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3.8/5

Lucy in the City: A Story about Devleloping Spatial Thinking Skills by Julie Dillemuth , Laura Wood (Illustrator)

Lucy in the City is about a young raccoon who gets separated from her family one night and has to find her way home. At its heart, the story focuses on developing spatial thinking, understanding the world around us, and using concepts of space for problem-solving.

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4.3/5

Atlas of Lost Cities: A Travel Guide to Abandoned and Forsaken Destinations by Aude de Tocqueville

Like humans, cities are mortal. They are born, they thrive, and they eventually die. In Atlas of Lost Cities, Aude de Tocqueville tells the compelling narrative of the rise and fall of such notable places as Pompeii, Teotihuacán, and Angkor. She also details the less well known places, including Centralia, an abandoned Pennsylvania town consumed by unquenchable underground Like humans, cities are mortal. They are born, they thrive, and they eventually die. In Atlas of Lost Cities, Aude de Tocqueville tells the compelling narrative of the rise and fall of such notable places as Pompeii, Teotihuacán, and Angkor. She also details the less well known places, including Centralia, an abandoned Pennsylvania town consumed by unquenchable underground fire; Nova Citas de Kilamba in Angola, where housing, schools, and stores were built for 500,000 people who never came; and Epecuen, a tourist town in Argentina that was swallowed up by water. Beautiful, original artwork shows the location of the lost cities and depicts how they looked when they thrived.

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4/5

On the Map: A Mind-Expanding Exploration of the Way the World Looks by Simon Garfield , Dava Sobel (Foreword)

Cartography enthusiasts rejoice: the bestselling author of the Just My Type reveals the fascinating relationship between man and map. Simon Garfield’s Just My Type illuminated the world of fonts and made everyone take a stand on Comic Sans and care about kerning. Now Garfield takes on a subject even dearer to our fanatical human hearts: maps. Imagine a world without maps. Ho Cartography enthusiasts rejoice: the bestselling author of the Just My Type reveals the fascinating relationship between man and map. Simon Garfield’s Just My Type illuminated the world of fonts and made everyone take a stand on Comic Sans and care about kerning. Now Garfield takes on a subject even dearer to our fanatical human hearts: maps. Imagine a world without maps. How would we travel? Could we own land? What would men and women argue about in cars? Scientists have even suggested that mapping—not language—is what elevated our prehistoric ancestors from ape-dom. Follow the history of maps from the early explorers’ maps and the awe-inspiring medieval Mappa Mundi to Google Maps and the satellite renderings on our smartphones, Garfield explores the unique way that maps relate and realign our history—and reflect the best and worst of what makes us human. Featuring a foreword by Dava Sobel and packed with fascinating tales of cartographic intrigue, outsize personalities, and amusing “pocket maps” on an array of subjects from how to fold a map to the strangest maps on the Internet, On the Map is a rich historical tapestry infused with Garfield’s signature narrative flair. Map-obsessives and everyone who loved Just My Type will be lining up to join Garfield on his audacious journey through time and around the globe.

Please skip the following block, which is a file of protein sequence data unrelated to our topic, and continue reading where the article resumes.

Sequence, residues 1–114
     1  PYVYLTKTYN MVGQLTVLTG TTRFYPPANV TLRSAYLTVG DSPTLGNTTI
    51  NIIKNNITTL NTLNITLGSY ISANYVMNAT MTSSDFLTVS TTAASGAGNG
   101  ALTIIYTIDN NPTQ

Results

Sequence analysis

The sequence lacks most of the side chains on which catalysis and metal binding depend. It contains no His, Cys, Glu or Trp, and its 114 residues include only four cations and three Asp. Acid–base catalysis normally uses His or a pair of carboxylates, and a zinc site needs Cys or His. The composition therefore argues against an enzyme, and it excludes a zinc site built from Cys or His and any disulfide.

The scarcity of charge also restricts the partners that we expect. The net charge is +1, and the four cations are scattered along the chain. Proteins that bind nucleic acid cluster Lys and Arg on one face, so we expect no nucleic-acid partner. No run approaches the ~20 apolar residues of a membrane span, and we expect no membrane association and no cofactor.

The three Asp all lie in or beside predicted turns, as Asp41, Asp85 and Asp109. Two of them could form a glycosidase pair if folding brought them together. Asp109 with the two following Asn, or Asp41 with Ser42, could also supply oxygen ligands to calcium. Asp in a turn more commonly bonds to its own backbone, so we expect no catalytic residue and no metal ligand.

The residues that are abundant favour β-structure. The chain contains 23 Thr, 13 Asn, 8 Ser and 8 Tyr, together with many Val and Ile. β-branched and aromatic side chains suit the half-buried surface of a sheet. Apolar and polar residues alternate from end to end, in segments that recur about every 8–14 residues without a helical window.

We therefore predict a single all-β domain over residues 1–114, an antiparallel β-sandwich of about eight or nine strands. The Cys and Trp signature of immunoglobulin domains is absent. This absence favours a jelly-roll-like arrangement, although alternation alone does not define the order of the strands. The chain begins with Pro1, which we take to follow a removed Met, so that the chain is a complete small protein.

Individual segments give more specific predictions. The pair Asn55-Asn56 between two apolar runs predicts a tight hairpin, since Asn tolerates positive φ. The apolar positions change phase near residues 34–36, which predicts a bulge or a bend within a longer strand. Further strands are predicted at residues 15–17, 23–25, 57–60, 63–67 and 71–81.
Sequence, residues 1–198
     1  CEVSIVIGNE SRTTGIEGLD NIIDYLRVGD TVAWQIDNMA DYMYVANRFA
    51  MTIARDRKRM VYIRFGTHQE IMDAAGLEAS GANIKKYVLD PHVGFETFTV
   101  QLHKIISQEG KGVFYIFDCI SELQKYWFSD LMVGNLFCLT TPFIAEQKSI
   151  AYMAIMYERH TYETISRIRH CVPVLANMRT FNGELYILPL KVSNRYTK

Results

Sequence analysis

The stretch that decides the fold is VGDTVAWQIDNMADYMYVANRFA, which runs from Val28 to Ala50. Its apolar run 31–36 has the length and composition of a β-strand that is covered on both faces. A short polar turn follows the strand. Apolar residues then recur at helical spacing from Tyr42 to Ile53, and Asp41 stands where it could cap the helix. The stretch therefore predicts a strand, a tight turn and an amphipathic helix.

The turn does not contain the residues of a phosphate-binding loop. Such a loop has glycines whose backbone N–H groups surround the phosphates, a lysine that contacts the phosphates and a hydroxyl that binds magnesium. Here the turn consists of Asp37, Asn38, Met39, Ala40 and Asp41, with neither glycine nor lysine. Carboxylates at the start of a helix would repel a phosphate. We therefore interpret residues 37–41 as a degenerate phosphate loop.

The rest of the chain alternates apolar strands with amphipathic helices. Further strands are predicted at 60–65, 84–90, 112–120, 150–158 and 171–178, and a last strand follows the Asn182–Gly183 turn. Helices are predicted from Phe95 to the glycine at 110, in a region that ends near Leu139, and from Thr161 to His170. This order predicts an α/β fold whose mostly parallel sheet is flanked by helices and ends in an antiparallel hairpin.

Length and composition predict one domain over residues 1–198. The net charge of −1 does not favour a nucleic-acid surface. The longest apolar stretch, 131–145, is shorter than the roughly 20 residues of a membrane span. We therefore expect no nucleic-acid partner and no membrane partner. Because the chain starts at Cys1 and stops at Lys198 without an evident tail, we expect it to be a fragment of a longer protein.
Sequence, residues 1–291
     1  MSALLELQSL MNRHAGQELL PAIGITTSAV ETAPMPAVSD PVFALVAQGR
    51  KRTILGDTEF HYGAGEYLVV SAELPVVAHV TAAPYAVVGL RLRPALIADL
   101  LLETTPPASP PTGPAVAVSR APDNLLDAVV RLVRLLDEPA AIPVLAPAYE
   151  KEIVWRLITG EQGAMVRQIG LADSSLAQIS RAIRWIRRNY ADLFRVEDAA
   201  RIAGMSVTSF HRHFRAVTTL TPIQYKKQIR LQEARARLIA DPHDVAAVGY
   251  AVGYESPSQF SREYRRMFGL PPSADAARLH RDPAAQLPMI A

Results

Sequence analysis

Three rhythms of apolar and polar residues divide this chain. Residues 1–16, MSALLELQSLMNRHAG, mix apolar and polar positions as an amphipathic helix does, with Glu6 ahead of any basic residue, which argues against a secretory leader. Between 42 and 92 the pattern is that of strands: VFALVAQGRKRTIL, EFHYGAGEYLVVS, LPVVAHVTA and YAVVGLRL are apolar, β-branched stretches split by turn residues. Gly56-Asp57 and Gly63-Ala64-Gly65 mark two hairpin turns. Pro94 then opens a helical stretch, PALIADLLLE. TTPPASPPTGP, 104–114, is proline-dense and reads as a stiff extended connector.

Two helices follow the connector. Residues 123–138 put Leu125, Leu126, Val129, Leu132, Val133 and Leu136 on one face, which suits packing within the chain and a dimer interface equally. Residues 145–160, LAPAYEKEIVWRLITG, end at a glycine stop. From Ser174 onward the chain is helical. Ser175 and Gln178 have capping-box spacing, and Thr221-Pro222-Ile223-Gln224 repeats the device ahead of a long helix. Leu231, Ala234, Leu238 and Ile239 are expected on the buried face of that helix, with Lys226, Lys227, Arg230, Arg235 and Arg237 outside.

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4.5/5

Maphead: Charting the Wide, Weird World of Geography Wonks by Ken Jennings

Maphead: Charting the Wide, Weird World of Geography Wonks is Ken's followup to his 2005 best-seller Brainiac. Much as Brainiac offered a behind-the-scenes look at the little-known demimonde of competitive trivia buffs, Maphead finally gives equal time to that other downtrodden underclass: America's map nerds. In a world where geography only makes the headlines when college Maphead: Charting the Wide, Weird World of Geography Wonks is Ken's followup to his 2005 best-seller Brainiac. Much as Brainiac offered a behind-the-scenes look at the little-known demimonde of competitive trivia buffs, Maphead finally gives equal time to that other downtrodden underclass: America's map nerds. In a world where geography only makes the headlines when college students are (endlessly) discovered to be bad at it, these hardy souls somehow thrive. Some crisscross the map working an endless geographic checklist: visiting all 3,143 U.S. counties, for example, or all 936 UNESCO World Heritage Sites. Some pore over million-dollar collections of the rarest maps of the past; others embrace the future by hunting real-world cartographic treasures like "geocaches" or "degree confluences" with GPS device in hand. Some even draw thousands of their own imaginary maps, lovingly detailing worlds that never were. Ken Jennings was a map nerd from a young age himself, you will not be surprised to learn, even sleeping with a bulky Hammond atlas at the side of his pillow, in lieu of the traditional Teddy bear. As he travels the nation meeting others of his tribe--map librarians, publishers, "roadgeeks," pint-sized National Geographic Bee prodigies, the computer geniuses behind Google Maps and other geo-technologies--he comes to admire these geographic obsessives. Now that technology and geographic illiteracy are increasingly insulating us from the lay of the land around us, we are going to be needing these people more than ever. Mapheads are the ones who always know exactly where they are--and where everything else is as well.